SR 99 Tunnel construction inside Bertha the boring machine's final resting place. (Credit: WSDOT)

Less than a year after the opening of the SR-99 tunnel, tunnel mania seems to be spreading across Seattle. An unfunded billion dollar price tag has not scared off supporters of deluxe tunnel options for Sound Transit 3 alignments in both West Seattle and Ballard. Seattle Subway’s newly released Sound Transit 4 vision map has gotten transit riders across the region dreaming of a comprehensive mass transit system where riders could hop on in neighborhoods like Georgetown and Greenwood currently cut out from light rail plans.

But dreams of burrowing beneath Seattle’s hills are not restricted to the topic of transit. A mysterious publication sent by mail to over a dozen of Seattle’s government, business, and community leaders has put forth a concept for another subterranean mega project: Why not replace the Downtown Seattle segment of I-5 with a deep bore tunnel that runs under Capitol Hill?

Self-published by mystery-person author Cheval Tepier, Integrate I-5: Reimagining Interstate 5 in Downtown Seattle makes the argument that a deep bore tunnel would allow for better integrating the highway into Downtown Seattle’s built environment and transportation systems than either the status quo or other options currently on the table, notably lidding I-5.

A depiction of Integrate I-5’s proposed 2.9 mile deep bore tunnel route running under Capitol Hill. (Credit: Integrate I-5)

With the SR-99 tunnel finally signed, sealed, and delivered, Tepier believes a tunneling project that removes I-5 from Seattle’s downtown core plays into the region’s expertise. “No one does tunneling through consolidated muck as well or as often as Seattle,” Tepier writes in Integrate I-5. “The whole blown-gasket tribulations of Bertha aside, it’s positively amazing how accomplished this region is at getting around by going deep.”

A new solution for I-5 in Downtown Seattle?

As emphasized in the Washington State Department of Transportation’s (WSDOT) recent I-5 Systems Partnership: A Call to Action, the entire I-5 corridor is need of updates that go far beyond a facelift. The cost of covering deferred maintenance, such as preserving pavement and seismically retrofitting vulnerable structures, is estimated at $2.5 billion.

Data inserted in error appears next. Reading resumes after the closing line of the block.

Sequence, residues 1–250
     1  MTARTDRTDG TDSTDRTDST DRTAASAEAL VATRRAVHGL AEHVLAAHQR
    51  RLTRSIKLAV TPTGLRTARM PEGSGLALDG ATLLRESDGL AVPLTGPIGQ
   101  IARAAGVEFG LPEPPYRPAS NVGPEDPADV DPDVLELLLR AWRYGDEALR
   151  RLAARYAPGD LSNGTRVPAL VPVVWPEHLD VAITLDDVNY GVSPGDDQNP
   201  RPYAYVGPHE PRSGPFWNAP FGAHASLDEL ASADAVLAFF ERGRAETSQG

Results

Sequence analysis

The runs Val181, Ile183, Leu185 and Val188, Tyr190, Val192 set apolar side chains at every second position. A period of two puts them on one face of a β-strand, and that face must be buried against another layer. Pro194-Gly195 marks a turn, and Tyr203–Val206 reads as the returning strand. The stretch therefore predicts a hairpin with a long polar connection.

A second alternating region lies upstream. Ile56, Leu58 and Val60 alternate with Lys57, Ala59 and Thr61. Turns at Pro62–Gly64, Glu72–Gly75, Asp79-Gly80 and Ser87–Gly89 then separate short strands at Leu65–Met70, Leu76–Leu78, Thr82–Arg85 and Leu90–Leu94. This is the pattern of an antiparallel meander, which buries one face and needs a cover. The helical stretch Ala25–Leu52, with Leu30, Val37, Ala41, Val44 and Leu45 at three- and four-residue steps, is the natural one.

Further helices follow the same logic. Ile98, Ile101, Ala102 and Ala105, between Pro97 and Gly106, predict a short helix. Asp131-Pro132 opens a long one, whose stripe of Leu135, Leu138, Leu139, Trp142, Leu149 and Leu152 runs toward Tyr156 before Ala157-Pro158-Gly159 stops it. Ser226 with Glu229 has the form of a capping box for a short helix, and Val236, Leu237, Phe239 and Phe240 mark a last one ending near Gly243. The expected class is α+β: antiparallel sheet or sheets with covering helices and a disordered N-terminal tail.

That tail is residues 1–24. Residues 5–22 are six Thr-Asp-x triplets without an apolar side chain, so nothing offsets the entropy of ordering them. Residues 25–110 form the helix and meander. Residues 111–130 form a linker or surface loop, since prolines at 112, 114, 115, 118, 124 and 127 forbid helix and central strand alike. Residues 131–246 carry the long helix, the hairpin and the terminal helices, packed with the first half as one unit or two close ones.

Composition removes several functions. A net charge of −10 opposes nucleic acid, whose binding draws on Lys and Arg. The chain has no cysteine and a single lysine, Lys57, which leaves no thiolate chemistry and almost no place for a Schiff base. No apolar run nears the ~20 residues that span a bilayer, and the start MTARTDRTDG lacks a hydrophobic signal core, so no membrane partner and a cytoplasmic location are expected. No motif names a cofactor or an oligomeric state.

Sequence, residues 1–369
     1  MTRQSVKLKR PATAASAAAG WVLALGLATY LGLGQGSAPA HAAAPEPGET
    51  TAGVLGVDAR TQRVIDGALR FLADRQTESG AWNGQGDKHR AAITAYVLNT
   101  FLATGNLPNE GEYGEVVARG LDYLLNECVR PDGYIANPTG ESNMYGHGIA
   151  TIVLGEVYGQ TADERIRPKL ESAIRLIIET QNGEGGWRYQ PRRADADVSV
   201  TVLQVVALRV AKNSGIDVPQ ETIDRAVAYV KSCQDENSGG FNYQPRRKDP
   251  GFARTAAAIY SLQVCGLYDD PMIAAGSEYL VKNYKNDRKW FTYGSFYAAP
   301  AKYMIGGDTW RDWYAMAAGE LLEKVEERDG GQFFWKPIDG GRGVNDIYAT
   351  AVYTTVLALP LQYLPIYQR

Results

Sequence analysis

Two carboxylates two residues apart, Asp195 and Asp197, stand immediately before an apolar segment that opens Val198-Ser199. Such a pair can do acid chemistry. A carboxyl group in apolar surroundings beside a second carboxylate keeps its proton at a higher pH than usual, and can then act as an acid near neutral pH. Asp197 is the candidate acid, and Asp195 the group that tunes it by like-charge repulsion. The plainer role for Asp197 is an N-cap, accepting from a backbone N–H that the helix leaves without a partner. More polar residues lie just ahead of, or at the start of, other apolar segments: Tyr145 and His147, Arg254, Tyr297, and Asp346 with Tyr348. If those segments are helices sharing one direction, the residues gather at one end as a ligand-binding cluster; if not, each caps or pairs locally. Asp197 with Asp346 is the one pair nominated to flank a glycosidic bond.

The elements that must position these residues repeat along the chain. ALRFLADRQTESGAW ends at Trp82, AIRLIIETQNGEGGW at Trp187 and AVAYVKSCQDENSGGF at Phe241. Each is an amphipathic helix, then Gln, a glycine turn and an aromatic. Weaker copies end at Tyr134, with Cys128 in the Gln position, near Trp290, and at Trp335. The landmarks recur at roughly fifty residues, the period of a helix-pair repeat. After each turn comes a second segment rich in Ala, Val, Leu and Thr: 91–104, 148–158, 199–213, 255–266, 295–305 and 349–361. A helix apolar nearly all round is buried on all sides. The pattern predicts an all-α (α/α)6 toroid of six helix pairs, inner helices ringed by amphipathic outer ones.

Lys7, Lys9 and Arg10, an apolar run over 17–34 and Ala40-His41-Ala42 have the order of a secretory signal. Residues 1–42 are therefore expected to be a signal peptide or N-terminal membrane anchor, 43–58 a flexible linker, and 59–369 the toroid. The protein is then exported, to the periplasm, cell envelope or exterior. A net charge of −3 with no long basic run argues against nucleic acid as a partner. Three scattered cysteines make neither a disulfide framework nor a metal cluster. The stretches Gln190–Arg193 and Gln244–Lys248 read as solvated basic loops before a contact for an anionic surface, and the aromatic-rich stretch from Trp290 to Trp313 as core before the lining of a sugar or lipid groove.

Catching up with deferred maintenance won’t address the chronic congestion on I-5, which is estimated to cost local and regional economies about $5 billion annually, a figure that is projected to rise to $15 billion annually in 2026.

I-5 Systems Partnership: A Call to Action (Credit: WSDOT)

According to Tepier, a deep bore tunnel solution for I-5 would accomplish:

  • Replacement of a functionally obsolete link in the I-5 corridor;
  • A complete re-stitching of the urban fabric across the highway;
  • Provision for HOV lanes through the city in both directions;
  • Creation of at least 25 acres of urban parkland;
  • Restoration of up to 45 acres of real estate; and
  • A more affordable alignment for ST3.

Let’s dig in a little bit deeper to these selling points, beginning with the first one. It’s true that 2.9 mile segment of I-5 that runs through the downtown core is one of the biggest chokepoints for traffic in the entire corridor, in no small part because of the high density of entrance and exit ramps. Boring a new tunnel would give engineers the opportunity to start from scratch, but it presents its own complications as well, such as should the north and south portal sites be located? How could traffic patterns with I-90 and SR-520 be merged? How could access be maintained to the downtown core?

In reference to that last question, Tepier proposed building a new urban boulevard, dubbed Salish Way. While Tepier claims Salish Way would not be as “sprawling” as I-5, it would still function as arterial for surrounding streets. Does that truly constitute a re-stitching of the urban fabric? Think of Boren Avenue, another nearby arterial that slices through First Hill.

Tepier estimates that land dedicated to Salish Way and connector streets would take up about 25% of the approximate 100 acres that would be created by filling in the interstate. While that represents a sizable chunk of land, it does leave 70 acres available for development. Tepier argues for reserving the bulk of the land, 45 acres for developable land, would help defray the projects costs. The remaining 25 acres would be dedicated to green space that would enhance existing parkland, such as Freeway Park.